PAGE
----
Welcome to another Tuesday celebrating bookish events, from Tuesday/First Chapter/Intros, hosted by Bibliophile by the Sea Every Tuesday, Diane at Bibliophile by the Sea posts the opening paragraph (sometime two) of a book she decided to read based on the opening. Feel free to grab the banner and play along.
The book I’ve chosen to use this week is a book that I am approaching with a high level of anticipation; The Wicked Boy by Kate Summerscale who wrote the brilliant non-fiction book The Suspicions of Mr Whicher. This should keep me nicely entertained over the Bank Holiday weekend.
Early in the morning of Monday 8 July 1895, thirteen-year-old Robert Coombes and his twelve-year-old brother Nattie set out from their small, yellow-brick terraced house in East London to watch a cricket match at Lord’s. Their father had gone to sea the previous Friday, the boys told their neighbours, and their mother was visiting her family in Liverpool. Over the next ten days Robert and Nattie spent extravagantly, pawning their parents’ valuables to fund trips to the theatre and the seaside. But as the sun beat down on the Coombes house, a strange smell began to emanate from the building.
When the police were finally called to investigate, the discovery they made sent the press into a frenzy of horror and alarm, and Robert and Nattie were swept up in a criminal trial that echoed the outrageous plots of the ‘penny dreadful’ novels that Robert loved to read.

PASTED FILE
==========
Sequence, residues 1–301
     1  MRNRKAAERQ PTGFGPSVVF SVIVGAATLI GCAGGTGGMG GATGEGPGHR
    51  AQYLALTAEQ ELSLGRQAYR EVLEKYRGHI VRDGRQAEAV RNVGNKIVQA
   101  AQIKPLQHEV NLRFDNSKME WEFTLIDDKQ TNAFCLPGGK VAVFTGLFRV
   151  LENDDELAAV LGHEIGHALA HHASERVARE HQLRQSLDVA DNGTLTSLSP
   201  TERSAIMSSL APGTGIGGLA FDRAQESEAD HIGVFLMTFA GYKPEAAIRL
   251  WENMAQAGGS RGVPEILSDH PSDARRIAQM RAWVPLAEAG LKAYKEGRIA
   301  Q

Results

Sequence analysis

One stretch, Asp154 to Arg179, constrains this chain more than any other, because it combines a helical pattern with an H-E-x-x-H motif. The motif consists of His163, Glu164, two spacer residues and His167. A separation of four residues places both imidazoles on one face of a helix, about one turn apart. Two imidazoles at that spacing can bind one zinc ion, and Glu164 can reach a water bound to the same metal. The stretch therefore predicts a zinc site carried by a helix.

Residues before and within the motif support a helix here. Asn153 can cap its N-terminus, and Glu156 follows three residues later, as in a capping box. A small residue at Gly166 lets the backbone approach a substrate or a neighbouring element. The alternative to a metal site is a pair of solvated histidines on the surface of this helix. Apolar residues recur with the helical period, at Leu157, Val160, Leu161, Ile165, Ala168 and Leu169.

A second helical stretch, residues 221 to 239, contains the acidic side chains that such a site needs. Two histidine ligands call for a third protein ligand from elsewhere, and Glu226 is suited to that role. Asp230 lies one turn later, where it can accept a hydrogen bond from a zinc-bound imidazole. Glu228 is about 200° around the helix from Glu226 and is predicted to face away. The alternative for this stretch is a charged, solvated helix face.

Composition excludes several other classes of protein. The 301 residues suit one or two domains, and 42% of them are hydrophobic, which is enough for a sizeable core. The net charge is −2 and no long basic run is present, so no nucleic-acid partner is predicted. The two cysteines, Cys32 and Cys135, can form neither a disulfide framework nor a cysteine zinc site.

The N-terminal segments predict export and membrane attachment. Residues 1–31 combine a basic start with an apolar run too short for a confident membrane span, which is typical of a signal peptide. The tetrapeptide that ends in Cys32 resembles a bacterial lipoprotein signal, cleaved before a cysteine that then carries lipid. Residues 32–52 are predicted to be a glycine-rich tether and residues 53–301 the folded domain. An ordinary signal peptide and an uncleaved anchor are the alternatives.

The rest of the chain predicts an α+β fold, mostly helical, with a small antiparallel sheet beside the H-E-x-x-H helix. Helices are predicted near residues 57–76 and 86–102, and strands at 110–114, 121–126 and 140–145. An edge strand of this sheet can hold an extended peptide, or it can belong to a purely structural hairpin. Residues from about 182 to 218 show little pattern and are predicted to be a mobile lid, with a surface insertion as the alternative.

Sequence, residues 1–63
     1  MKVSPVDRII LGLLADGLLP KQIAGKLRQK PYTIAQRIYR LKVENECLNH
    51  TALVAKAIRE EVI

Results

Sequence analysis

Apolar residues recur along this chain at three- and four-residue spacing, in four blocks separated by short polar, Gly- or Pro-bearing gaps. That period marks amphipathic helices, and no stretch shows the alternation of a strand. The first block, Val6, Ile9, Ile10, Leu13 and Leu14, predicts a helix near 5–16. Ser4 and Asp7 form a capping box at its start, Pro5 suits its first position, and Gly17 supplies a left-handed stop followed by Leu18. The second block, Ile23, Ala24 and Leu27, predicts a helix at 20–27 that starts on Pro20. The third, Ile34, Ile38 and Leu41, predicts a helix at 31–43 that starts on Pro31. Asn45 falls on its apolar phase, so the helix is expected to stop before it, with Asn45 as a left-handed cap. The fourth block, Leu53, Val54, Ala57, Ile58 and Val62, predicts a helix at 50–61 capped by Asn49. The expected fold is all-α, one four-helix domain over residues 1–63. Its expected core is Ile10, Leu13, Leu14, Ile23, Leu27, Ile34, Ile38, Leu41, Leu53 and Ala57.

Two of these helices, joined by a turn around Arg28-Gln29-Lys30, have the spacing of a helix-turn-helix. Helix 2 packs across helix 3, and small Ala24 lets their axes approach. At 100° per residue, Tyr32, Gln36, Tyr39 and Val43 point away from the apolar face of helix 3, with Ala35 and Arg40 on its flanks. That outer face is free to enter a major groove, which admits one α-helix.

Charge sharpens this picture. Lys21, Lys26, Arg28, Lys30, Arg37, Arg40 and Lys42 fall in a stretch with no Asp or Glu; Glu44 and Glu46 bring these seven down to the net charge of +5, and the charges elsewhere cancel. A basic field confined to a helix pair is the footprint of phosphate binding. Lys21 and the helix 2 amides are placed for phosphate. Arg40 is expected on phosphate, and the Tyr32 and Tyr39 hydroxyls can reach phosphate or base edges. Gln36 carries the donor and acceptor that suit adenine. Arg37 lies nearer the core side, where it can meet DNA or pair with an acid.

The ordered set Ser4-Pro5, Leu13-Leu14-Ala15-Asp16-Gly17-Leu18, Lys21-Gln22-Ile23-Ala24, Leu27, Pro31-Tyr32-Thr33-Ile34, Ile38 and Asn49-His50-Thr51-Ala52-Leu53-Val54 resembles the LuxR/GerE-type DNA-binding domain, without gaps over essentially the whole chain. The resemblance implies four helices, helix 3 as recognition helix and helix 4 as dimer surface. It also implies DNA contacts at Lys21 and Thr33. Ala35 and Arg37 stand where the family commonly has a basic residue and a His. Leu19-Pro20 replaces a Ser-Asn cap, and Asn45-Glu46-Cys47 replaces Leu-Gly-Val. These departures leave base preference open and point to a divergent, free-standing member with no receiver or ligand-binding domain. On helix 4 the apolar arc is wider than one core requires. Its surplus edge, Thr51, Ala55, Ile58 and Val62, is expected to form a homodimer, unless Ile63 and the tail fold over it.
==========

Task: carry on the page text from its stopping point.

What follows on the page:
In The Wicked Boy, Kate Summerscale has uncovered a fascinating true story of murder and morality – it is not just a meticulous examination of a shocking Victorian case, but also a compelling account of its aftermath, and of man’s capacity to overcome the past. Amazon
TEN DAYS IN JULY
THE THREE OF US
Early in the morning of Monday 8 July 1895, Robert and Nathanial Coombes dressed themselves, collected the family’s rent book from a room downstairs, and went out to the back yard, It was just after 6 a.m. and already bright and warm.
Robert was thirteen and Nattie twelve. Their father had gone to sea on Friday, as chief steward on a steamship bound for New York, leaving the brothers and their mother, Emily, at home together. They lived in a small, new, yellow-brick terraced house at 35 Cave Road, Plaistow, a poor but respectable working-class district in West Ham, the biggest borough in the docklands of East London.
In an attempt to attract the attention of their neighbour in number 37, Robert picked up a handful of stones and threw them at the roof of the washhouse next door.
Please note that this is an excerpt from a proof copy
I’m predisposed to love this book, I’m a sucker for well-researched Victorian true-crime and in my opinion Kate Summerscale achieves this without compromising the ‘readability’. Have you read this book? What did you think?
Do you want to know more? Please leave your thoughts and/or links in the comment box below!